Phish | Chicago '94 Box Set | New CD Review
This week Phish will release a brand new box set entitled Chicago '94, showcasing two complete shows recorded live on June 18, 1994 and November 25, 1994 at the UIC Pavilion in Chicago, Illinois. It only takes one listen of this collection to realize just how great of a year it was for Phish. It’s a real treat to hear this magnificent snapshot of the group during their most pivotal year of touring, as it was the true beginning of a band on the verge of becoming some of the most gifted artists the modern music age has heard.
Over their storied history Phish have managed to constantly change their sound without somehow never really leaving their familiar terrain. This is especially apparent when you compare their sound from 18 years ago to how they play today. The band has been performing brilliantly on their last tour, but there is a stark difference when you listen to these presented shows versus, say, some from last month.
The music from recent tours have been a bit slower and more patient, as one might expect with age, and contain more sonic textures. On the other end, these 1994 performances were fiery, explosive, playful, and the improvisation relied heavily on taking the jam deep into progressive rock territory.
There is a beautiful nostalgia listening to these shows, most evident when you listen to Trey wail his old Languedoc guitar (which contained higher pitches and cleaner tones versus the deeper, chunkier “Ocelot” he plays today) on this scorching version of “Maze”, a tension-and-release filled “Reba” jam, or even the spirited rendition of “Esther”.
That year of touring the band was also beginning to dive deep into highly experimental jams, evident on a flashy “David Bowie”, a freaked-out “Simple” sandwiched between an extended “Mike’s Groove”, and a deliciously twisted rendering of the rarely heard “Harpua”.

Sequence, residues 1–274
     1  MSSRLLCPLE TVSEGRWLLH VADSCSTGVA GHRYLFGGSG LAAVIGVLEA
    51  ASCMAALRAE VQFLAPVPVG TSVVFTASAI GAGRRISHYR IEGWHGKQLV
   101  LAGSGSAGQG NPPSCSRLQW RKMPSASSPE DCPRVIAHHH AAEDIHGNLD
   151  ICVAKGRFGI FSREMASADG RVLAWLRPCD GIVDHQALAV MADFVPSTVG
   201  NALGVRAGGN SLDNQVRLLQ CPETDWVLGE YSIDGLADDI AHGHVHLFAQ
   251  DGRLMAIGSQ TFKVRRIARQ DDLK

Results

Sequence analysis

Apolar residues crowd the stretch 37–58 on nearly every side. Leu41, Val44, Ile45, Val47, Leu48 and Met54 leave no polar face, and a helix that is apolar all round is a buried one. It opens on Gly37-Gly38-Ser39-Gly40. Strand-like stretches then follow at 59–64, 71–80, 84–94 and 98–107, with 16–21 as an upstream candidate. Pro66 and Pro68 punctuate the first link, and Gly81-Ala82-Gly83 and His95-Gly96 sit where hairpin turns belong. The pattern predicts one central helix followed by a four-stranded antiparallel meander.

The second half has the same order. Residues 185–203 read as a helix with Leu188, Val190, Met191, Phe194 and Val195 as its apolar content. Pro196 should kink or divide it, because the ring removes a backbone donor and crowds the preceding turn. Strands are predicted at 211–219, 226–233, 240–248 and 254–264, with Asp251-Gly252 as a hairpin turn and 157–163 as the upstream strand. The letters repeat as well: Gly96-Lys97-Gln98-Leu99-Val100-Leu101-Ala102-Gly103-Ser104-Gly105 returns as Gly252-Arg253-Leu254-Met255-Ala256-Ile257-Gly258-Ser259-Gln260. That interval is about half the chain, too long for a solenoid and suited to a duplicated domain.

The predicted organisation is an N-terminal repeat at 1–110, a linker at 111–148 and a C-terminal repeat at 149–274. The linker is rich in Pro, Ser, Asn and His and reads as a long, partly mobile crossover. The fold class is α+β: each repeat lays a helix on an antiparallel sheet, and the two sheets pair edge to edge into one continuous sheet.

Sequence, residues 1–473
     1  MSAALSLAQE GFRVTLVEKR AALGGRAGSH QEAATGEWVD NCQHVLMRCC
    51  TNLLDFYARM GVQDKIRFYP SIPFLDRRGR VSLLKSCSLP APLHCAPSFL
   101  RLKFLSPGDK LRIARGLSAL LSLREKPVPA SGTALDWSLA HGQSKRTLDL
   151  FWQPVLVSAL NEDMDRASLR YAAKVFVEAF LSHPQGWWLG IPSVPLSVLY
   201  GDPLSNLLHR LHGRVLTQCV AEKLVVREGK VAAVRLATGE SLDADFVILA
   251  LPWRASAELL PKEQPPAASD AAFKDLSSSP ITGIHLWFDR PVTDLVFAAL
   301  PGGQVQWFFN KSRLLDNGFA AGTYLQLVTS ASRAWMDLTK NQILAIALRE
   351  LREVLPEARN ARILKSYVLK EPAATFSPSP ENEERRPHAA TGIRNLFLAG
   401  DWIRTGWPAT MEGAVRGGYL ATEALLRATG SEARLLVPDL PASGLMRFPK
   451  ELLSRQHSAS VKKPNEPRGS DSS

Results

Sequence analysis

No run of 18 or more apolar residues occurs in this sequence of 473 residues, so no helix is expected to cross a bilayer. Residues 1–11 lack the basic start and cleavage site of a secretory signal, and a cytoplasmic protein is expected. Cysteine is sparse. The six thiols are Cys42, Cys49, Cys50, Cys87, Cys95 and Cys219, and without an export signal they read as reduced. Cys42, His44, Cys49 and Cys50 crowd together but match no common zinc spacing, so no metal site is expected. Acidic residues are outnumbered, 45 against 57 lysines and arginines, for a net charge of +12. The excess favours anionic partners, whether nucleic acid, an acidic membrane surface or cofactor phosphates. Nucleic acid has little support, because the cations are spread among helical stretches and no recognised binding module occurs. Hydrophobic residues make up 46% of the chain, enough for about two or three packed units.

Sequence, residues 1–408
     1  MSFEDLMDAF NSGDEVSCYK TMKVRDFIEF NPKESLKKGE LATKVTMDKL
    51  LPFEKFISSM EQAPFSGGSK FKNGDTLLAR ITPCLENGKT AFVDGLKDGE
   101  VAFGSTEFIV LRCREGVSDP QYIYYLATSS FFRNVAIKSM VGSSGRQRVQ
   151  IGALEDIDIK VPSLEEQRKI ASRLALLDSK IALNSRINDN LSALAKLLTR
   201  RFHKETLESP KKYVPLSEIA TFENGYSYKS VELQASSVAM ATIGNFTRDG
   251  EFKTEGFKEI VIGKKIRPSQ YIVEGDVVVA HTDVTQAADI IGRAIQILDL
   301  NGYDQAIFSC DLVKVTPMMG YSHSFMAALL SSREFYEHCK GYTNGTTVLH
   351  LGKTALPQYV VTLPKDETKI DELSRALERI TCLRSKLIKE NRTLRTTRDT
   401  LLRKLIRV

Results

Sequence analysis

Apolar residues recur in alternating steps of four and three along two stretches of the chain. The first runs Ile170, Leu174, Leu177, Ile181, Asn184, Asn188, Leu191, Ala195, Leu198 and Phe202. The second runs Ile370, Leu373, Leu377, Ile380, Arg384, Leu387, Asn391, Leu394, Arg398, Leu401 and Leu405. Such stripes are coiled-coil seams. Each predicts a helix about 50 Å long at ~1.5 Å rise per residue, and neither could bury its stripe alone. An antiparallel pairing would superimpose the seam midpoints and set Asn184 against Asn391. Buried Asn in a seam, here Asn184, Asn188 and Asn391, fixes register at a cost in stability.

Both of these performances stand tall from start to finish, and neither show really differentiates itself from the other (which makes for a good compilation minus a few repeats), but be sure to listen intently to some of the highlights that include a majestic take on the Hoist-era gem “Lifeboy”, a super peppy “Run Like An Antelope”, and a funky jam through “It’s Ice” that ranks as one of the better versions ever been played.
Enhancing these amazing shows is the masterful sound captured through an exceptional stereo soundboard recording, thanks to Paul Languedoc (and remixed by Fred Kevorkian), that really lets you hear each member’s contribution cleanly, more so than the somewhat muddied matrix recordings most fans are accustomed to hearing through today’s live releases.
It would be neglectful not to mention the fantastic artwork of this collection as well. Famed Phish artist Jim Pollock lends his talents to the box set with brilliant cover and sleeve illustrations. He paints a colorful backdrop of Chicago complete with fish “swimming” down roadways and train tracks that not only don the front of the package, but also each of the CD jackets that when placed side-by-side together form a larger print of his theme. If ever there was a time to ditch the popular digital format and get a physical copy of a release (as you would have done in 1994 since the internet was virtually non-existent), this would be it.
Phish have been performing live for nearly 30 years, and with so many tours under their belt it can hard to describe which of them stand out above the others. The argument has been made in the fan community that the 1994 tour may have been the best in the band’s storied career. The music displayed through the release of Chicago ’94 certainly lends significant weight to that case.